New reports from Bankrate.com show that closing costs have increased and interest rates are slightly up. According to Bankrate, closing costs have seen a 36.6 percent increase and rates a 0.06 percent increase. The report shows that fees charged directly by the lender rose 22.8 percent. Fees charged by third parties, for title and appraisals rose even higher.
Bankrate.com attributes the rise to the new good faith estimate which was created to lower borrowers’ costs and provide the borrower with an accurate cost on the good faith estimate. Confused yet? Lenders are now penalized if they undervalue the cost. The news in Florida isn’t as bad as around the country. Closing cost on a $200,000 home sale averaged $3,369 here, up just $381.00. Florida actually drops in the ranks from being the third most expensive state in the country to the 12th.
Bankrate also reports that lenders’ costs have risen since they have had to allocate more time and labor to examine every loan application. This is due to the new regulations that were implemented in January 2010. When providing a good faith estimate, lenders must now be within 10 percent of the original good faith estimate at time of closing. It is also worth noting that the new good faith estimate does not even provide the borrower with the monthly mortgage payment. The buyers haven’t a clue what their mortgage payments will be. It used to be on the old good faith estimate but now it’s gone.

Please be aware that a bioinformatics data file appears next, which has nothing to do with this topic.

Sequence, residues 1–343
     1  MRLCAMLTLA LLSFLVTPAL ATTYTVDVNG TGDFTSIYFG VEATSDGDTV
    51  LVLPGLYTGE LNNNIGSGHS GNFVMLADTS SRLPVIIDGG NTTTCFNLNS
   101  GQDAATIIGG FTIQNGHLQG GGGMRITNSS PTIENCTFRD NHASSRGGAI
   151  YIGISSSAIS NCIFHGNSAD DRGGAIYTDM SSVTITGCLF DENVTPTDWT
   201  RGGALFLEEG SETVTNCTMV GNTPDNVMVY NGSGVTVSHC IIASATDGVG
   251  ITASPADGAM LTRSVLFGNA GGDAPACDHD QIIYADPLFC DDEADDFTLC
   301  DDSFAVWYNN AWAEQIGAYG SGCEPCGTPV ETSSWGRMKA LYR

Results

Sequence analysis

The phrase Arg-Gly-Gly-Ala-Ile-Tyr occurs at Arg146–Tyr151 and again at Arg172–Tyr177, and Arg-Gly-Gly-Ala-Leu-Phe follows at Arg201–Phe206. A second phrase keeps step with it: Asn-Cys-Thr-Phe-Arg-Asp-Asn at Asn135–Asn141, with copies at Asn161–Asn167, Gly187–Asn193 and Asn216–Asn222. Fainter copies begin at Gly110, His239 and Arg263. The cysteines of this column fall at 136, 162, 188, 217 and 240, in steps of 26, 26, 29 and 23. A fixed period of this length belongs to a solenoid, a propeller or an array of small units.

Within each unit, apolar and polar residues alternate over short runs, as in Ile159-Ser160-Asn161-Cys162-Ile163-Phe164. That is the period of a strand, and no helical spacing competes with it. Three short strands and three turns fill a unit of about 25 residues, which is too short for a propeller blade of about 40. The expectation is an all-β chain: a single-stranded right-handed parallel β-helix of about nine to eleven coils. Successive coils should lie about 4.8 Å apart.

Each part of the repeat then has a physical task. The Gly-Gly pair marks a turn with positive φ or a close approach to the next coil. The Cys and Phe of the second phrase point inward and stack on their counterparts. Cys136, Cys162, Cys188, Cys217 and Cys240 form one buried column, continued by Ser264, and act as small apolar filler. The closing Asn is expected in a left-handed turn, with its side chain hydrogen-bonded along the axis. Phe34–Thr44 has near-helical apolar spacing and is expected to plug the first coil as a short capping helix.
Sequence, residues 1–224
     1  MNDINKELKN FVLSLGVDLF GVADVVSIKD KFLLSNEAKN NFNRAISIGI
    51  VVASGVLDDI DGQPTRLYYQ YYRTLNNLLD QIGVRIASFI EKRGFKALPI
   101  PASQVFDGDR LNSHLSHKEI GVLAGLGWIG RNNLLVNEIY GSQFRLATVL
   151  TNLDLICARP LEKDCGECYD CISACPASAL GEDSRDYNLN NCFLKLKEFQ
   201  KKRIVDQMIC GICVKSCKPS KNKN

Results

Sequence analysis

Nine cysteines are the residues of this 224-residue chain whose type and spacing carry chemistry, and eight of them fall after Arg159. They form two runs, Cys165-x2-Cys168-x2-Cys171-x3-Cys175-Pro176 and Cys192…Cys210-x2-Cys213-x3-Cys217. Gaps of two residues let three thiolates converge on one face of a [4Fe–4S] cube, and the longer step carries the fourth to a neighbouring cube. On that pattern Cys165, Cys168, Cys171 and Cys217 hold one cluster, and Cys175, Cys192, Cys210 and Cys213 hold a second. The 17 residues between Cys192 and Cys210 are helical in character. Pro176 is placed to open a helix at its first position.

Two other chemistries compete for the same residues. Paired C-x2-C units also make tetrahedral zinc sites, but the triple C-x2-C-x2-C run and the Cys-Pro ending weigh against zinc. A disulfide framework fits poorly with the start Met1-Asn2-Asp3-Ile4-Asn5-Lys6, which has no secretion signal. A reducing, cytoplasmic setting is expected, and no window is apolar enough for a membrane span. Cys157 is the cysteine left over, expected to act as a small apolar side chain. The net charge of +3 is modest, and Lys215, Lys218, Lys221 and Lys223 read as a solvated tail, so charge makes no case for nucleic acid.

The mortgage banker’s association is lobbing to have the amount a seller can credit a buyer at closing from 3 percent to 4 percent on a conventional mortgage. This would help the buyer cover the increase in cost associated with the new mortgage. With closing costs increasing and mortgage rates slightly up, this may still be a good time to buy a home. Rates are at a 50-year low and there is a huge inventory of lower priced homes.
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If your credit is not perfect, there are lenders out there willing to work with you, especially if you don’t have any major issues like repossessions or IRS liens.
If you are on the road to repairing your credit, you may consider the rent-to-own option. Some lenders are eager to get someone in their homes so they offer that option. You can also work through the Department of Housing and Urban Development, which offers programs to help low-income families buy a home.
Karen Blondin, owner of Blondin Mortgage, can be reached at (941) 376-2051.